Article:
Billionaire-turned-bankrupt Sean Quinn - who counted The Belfry golf complex among his many properties - has all been found in contempt of court for putting assets beyond the reach of the former Anglo-Irish Bank.
The former business tycoon, once Ireland's richest man, his son Sean and nephew Peter Darragh, were found to have defied an order at the High Court in Dublin over the family's international property portfolio.
The lawsuit, brought by the State-owned bank which was rebranded last year to become the Irish Bank Resolution Corporation, claimed they shifted assets from as far afield as Ukraine and Russia into new ownership as it pursued £2.23 billion in debts.
The contempt ruling was delivered by Mrs Justice Elizabeth Dunne at the Four Courts in Dublin.
It is the latest court battle the Fermanagh-born businessman has lost after he secured bankruptcy in Northern Ireland only for it to be overturned and a Dublin court then to declare him bankrupt.
The contempt lawsuit is one of a series of cases across several jurisdictions as the zombie bank tries to recover a 500 million euro (£402 million) international property portfolio to cover unprecedented debts run up by Mr Quinn in secret and ill-fated share deals in Anglo.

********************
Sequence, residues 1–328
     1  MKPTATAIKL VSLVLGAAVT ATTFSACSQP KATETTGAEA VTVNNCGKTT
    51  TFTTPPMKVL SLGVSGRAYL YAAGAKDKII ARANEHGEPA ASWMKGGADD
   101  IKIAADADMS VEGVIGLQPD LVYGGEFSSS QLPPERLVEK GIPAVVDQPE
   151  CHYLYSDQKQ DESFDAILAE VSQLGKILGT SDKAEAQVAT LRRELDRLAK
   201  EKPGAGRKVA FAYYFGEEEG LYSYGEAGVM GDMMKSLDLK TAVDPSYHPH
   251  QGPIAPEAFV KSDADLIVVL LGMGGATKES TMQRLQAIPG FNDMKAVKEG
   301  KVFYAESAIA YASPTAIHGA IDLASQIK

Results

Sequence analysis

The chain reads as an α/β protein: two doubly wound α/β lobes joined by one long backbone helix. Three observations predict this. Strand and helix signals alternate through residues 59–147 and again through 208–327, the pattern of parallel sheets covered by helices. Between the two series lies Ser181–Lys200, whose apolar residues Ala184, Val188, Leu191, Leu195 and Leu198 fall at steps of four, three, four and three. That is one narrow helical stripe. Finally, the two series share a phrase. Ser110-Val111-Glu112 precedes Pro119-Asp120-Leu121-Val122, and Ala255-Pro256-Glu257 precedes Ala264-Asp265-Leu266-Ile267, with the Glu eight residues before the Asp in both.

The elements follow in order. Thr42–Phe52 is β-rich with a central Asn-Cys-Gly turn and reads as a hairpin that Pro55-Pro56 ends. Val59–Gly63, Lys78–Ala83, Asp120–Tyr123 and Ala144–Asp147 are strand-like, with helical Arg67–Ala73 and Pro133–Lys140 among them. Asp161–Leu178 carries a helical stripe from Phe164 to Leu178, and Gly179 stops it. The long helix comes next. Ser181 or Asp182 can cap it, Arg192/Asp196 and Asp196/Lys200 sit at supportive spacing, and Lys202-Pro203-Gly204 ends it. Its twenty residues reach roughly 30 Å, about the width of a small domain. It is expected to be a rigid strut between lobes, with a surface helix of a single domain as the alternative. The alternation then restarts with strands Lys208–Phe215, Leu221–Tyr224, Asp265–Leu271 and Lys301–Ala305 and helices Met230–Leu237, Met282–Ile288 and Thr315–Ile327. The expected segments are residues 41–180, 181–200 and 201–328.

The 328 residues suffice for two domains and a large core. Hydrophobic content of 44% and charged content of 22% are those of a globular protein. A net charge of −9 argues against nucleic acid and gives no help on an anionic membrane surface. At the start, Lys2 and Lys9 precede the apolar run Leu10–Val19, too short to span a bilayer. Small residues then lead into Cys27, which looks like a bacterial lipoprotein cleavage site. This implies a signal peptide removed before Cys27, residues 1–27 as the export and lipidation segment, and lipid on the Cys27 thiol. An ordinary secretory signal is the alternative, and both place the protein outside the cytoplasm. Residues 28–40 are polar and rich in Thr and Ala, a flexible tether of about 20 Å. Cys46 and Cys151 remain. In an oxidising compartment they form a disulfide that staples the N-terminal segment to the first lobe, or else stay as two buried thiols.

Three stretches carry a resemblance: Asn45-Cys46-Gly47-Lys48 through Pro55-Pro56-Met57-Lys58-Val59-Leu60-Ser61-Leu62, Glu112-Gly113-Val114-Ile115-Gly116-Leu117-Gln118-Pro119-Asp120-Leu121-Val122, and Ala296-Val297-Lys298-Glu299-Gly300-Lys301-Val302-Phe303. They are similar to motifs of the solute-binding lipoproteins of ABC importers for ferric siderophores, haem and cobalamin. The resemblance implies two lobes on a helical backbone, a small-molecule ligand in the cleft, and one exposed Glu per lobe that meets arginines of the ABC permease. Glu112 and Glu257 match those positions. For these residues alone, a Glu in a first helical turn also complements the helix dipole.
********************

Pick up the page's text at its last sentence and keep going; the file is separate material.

Potential punishment for contempt of court in Ireland ranges from fines and seizure of property to a jail sentence.
In a hard-hitting judgment criticising the Quinns, Mrs Justice Dunne ruled that Sean Quinn's evidence was not credible.
She said it was "impossible to accept the evidence of Sean Quinn Senior that he had no hand, act or part in Quinn business after April 2011".
A receiver had been appointed by that time to the Quinn Group after Sean Quinn ran up the huge debts on a stock market gamble that the Anglo share price would keep rising.
The judge went on to say that his son Sean was not telling the truth and that the evidence of nephew Peter Darragh Quinn was "most untruthful".
The Quinns are expected back in the High Court on Friday, when arguments will be put forward for further action to be taken against them over the contempt.
The Birmingham Post has reported that talks are taking place to sell The Belfry.
No official comment has been made, but New York-based KSL Capital Partners has been strongly linked.